When To Play If You Don't Play Now...Four Options


Clemson University Operates In Limited Capacity Amid Coronavirus Pandemic

Not a doctor and won't play one. So, I have no idea why we have medical boards from college football conferences disagreeing over if it's safe or possible to play a college football season. I still believe it all comes down to three simple needs: reliable testing, affordable testing and timing of results of those tests. If the cost comes down, testing can happen more frequently, If the results are reliable people will feel confident about the testing. And if you can get results quickly then you can move forward with plans to play games.

None of that will resolve the concerns over myocarditis- the heart ailment many are stating as a key reason the Big Ten and Pac 12 have bailed on a fall season.

But college football needs options if they want to play and all play. A season with at least two of the five power leagues not playing will be a hard sell if you want to have a playoff.

So what can be done? The word flexibility is used a lot these days and I get that you can't keep asking your players to keep starting and stopping preparations to play a season. But there is nothing normal about 2020.

Here's four plans for trying to play a college football season:

A 12-game season is not going to be possible because the later you finish the more challenging people feel it is to start on time in the fall of 2021. So our plans call for a 10-game season being played over the course of 12-weeks. All plans then allow conference championships to be played in week 13. Allow a bye week before a weekend with bowls(who want to play) and the two playoff semifinals. Then week 15 is the national championship and other major bowl games. It would be 15 weeks to start and finish a season.

1. Kickoff Thanksgiving Weekend - Would allow teams three months to see where things stand on their campus, around their league and if the nation has done its part. Games can be played Thursday-Saturday that opening weekend. This plan would run through February 13th with conference title games the following week and national title game by March 13th(or the 15th if you needed to play Monday night). This option would prevent any potential conflict with the NCAA Basketball Tournament which, if it started on time, would tip the following weekend.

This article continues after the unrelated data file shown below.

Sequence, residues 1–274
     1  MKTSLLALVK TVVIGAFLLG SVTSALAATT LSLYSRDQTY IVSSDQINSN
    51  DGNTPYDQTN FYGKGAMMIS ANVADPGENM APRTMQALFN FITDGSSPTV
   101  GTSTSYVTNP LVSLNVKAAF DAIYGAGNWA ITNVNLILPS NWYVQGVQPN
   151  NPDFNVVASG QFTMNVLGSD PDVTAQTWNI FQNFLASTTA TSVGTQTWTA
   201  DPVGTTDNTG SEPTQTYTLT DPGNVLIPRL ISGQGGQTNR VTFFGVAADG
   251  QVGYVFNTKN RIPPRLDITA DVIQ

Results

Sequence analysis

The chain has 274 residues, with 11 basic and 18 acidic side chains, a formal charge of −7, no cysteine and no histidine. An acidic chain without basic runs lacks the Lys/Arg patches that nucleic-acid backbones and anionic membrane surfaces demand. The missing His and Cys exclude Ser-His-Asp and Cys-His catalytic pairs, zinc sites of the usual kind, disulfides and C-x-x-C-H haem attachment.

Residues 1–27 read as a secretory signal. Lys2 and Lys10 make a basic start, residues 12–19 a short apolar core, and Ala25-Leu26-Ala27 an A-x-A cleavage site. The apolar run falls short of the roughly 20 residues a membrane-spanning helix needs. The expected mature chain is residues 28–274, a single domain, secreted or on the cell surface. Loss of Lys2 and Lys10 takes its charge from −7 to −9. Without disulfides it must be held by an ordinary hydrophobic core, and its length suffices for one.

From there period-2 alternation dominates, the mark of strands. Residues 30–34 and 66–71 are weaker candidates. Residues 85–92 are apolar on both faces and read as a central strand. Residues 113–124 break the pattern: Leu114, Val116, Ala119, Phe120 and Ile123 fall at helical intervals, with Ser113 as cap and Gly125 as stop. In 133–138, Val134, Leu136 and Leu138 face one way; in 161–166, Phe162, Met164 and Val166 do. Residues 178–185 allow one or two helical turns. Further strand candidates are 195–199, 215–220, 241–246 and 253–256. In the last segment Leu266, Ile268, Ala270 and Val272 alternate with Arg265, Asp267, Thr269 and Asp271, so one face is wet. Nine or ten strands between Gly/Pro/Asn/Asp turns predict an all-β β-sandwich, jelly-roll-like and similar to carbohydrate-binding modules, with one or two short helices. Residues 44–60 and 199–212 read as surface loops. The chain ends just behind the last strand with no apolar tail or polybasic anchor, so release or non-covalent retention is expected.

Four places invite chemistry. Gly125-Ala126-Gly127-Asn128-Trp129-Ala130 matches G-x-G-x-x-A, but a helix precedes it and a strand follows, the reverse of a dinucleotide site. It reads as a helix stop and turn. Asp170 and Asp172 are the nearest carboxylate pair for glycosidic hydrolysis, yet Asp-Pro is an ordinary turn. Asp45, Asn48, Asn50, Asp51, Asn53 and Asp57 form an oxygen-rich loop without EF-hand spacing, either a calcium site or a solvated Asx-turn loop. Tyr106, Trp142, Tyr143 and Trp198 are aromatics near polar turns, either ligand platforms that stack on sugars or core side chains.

2. New Year's Weekend - Most fall semesters are now ending before Thanksgiving. This allows most teams to build a bubble-type environment for the month of the December on campus to prepare for the season. Games can be played December 30th-January 2nd to maximize television coverage in the game's return. This plan would end the regular season March 20th and have a title game April 17th.

3. NFL Bye Week before Super Bowl -A January 30th start date allows college football a weekend to take over television without NFL competition. This schedule would run through April 10th. Playoffs would start May 1st and a title game on May 8th.

4. President's Day Weekend -This plan calls for a start the weekend after the Super Bowl. The extended weekend allows for games to be played through Monday night February 15th. The season would go through May 1st. A national title game could be played on Memorial Day Night on May 31st. 

The concern of starting a fall 2021 season on time becomes challenging if a spring season ends sometime in May. That means that fall schedule would have to likely be pushed back to a late September or early October start. Is a five month break long enough between seasons? I am sure many will debate that over the course of the months ahead. Options 1 and 2 would extend that off-season an additional 1-2 months.

Now, college football needs options and these are a few to think about. 

Photo Credit: Getty Images


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